In this paper we analyse an experimentally simpler approach to previous state discrimination methods for quantum illumination: a direct measurement strategy using positive operator-valued measures (POVMs) that model Geiger-mode photodetectors which can either fire or do not fire when EM radiation falls upon them or not respectively – “click” or “no-click” (see Fig. 1 for difference in schematic set-up). Our approach uses entirely continuous-variable quantum information [18,31,32] with Gaussian states that are fully characterized by their statistical moments. In this way, some computational hurdles of discrete Fock-basis representations (large Hilbert spaces for multimode or higher energy states) are avoided by working in the Gaussian-only domain. An essential point of the analysis is that it allows us to perform all calculations exactly within this Gaussian quantum optical framework, even though the states are not all Gaussian. Moreover, since this is a statistical analysis of QI, it is frequency independent and could therefore be applied both to lidar and to radar. By employing this simple click detection strategy, we can easily calculate the click probability of the return signal after its interaction with an external object, whilst incorporating any associated quantum efficiencies and thermal background noise sources, including detector dark counts. We compare results from two signal states with different photon-statistics: a coherent state that has classical photon-statistics and a quantum state heralded via click detection from the entangled two-mode squeezed vacuum (TMSV) [33]. As click-detection is not phase-resolving, the moments of the signal state, even after conditioning, can be parameterized by its average photon number $\bar {n} = \langle \hat {a}^{\dagger }\hat {a}\rangle$, aiding further simplification. Our purpose is to highlight where quantum illumination may provide an advantage over classical. Classical radar and lidar [34] are well developed technologies with many applications so quantum illumination will not be better in every situation, although some of its advantages for rangefinding have been pointed out recently [35]. We emphasize that there are states and measurement strategies that could give better results for object detection than we obtain, but these would typically require a local oscillator that is phase-locked to the signal. If the distance to the object is uncertain by more than a small fraction of a wavelength they are rendered impotent.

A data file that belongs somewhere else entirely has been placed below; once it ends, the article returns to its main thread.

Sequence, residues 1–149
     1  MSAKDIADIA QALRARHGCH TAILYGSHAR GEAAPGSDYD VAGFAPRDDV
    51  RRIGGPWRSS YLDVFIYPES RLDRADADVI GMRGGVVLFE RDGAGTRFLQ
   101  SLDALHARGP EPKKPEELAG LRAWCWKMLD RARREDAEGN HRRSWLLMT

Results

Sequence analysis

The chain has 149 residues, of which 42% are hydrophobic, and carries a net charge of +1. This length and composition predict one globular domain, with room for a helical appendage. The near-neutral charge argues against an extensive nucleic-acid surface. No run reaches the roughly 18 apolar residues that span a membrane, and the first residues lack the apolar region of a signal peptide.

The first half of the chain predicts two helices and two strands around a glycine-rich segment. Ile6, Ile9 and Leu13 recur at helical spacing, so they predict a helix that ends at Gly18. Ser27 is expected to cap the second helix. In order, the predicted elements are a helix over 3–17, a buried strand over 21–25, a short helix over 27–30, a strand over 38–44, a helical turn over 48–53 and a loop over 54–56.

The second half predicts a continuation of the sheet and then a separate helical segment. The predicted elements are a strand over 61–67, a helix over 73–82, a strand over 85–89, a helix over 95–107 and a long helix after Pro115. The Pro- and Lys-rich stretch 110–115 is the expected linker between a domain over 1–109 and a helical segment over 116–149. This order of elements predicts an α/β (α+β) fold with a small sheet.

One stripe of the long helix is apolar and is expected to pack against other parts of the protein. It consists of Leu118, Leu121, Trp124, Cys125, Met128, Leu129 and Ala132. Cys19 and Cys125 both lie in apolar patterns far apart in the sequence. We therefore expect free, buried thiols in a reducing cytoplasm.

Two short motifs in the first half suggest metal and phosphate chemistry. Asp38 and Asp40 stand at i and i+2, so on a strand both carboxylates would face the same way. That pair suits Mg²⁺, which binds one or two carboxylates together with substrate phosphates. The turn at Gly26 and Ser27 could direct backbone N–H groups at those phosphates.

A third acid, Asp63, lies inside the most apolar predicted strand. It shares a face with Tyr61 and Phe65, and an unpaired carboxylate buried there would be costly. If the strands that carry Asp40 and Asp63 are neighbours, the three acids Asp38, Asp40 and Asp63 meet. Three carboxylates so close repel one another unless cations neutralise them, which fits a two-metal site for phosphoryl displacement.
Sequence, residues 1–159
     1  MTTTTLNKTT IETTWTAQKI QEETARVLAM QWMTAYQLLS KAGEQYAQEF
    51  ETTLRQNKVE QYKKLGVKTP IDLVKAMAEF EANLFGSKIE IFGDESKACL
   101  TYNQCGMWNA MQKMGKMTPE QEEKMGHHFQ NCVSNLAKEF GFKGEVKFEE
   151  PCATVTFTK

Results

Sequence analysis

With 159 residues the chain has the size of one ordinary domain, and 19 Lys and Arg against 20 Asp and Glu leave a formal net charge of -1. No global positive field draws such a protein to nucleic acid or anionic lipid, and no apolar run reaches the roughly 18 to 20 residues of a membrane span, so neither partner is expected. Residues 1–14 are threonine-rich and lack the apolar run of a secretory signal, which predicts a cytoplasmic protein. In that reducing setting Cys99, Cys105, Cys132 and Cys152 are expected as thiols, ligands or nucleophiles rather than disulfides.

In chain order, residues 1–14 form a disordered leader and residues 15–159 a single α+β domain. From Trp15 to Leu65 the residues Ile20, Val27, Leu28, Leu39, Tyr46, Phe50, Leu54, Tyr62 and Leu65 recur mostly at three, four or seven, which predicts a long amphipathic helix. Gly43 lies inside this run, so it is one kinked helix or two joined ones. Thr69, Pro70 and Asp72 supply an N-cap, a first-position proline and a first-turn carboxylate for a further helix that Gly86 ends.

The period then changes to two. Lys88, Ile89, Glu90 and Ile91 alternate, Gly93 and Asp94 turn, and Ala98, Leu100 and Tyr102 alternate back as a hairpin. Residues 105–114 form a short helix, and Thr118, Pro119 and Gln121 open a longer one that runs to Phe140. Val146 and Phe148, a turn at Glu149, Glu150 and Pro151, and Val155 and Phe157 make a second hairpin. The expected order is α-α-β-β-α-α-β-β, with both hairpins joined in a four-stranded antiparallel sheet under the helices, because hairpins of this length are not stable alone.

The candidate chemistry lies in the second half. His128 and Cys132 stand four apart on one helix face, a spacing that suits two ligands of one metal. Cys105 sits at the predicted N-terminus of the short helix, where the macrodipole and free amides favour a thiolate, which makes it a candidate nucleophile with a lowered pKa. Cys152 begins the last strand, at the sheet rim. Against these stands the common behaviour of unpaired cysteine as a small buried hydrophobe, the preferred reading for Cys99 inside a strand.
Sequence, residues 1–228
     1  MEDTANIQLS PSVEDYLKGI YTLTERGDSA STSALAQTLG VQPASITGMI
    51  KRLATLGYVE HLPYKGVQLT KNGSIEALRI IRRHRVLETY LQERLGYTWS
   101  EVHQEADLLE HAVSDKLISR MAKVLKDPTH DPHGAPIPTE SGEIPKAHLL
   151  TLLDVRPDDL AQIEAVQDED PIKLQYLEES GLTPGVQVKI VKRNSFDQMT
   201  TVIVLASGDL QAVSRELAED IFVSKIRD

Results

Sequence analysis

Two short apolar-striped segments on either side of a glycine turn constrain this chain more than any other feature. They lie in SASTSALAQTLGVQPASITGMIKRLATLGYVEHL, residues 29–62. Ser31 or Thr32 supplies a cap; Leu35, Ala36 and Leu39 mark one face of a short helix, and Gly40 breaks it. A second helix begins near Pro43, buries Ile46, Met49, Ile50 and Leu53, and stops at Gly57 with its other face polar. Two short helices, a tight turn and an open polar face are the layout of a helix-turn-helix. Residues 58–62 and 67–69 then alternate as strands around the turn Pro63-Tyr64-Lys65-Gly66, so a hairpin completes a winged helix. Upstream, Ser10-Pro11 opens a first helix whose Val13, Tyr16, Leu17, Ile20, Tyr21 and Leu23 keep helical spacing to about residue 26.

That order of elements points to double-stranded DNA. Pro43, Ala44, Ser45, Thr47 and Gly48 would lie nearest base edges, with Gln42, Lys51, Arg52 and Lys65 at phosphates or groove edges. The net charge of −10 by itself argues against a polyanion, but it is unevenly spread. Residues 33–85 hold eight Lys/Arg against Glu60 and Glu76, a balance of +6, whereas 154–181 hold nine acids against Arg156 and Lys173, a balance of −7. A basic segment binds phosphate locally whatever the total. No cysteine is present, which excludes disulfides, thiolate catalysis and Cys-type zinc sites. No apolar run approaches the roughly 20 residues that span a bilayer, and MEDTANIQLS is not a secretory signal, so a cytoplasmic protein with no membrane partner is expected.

figure: Fig. 1.

Fig. 1. Optimal quantum illumination (QI) vs. QI with click detection. An object of reflectivity $\kappa$ is illuminated by one of a pair of quantum correlated beams $|\Psi \rangle$. The object mixes the reflected return signal with thermal background noise in state $\hat {\rho }_b$. The left panel shows the set up for optimal or joint detection, represented here by the operator $\hat {\Pi }_{opt}$. The right panel shows an explicit simpler detection method, where clicks from Geiger-mode photodetectors show enhanced click probabilities when the object is present.

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The paper is structured as follows. We give in Section 2 a brief introduction to continuous-variable bosonic Gaussian states and include some useful identities, before in Sections 3 and 4 introducing direct detection and the conditional states produced from performing a click-detection on one mode of the TMSV in a heralding process. In Section 5 we incorporate this into quantum illumination theory and compare results from coherent states and TMSV states. Specifically we calculate conditional probabilities of click detection for classical or quantum illumination in the presence or absence of a target object. We use these probabilities to calculate retrodictive conditional probabilities [36] of the presence or absence of an object given a click or otherwise at a detector. In Section 6 we describe a simple count probability-matching based means of increasing the advantage obtained by quantum illumination. Section 7 describes the simulation of the repeated application of the process described in earlier sections to give the multi-shot scenario. Monte-Carlo simulations clearly show the available advantages of quantum illumination with click detection heralding. Finally we add some concluding remarks in Section 8.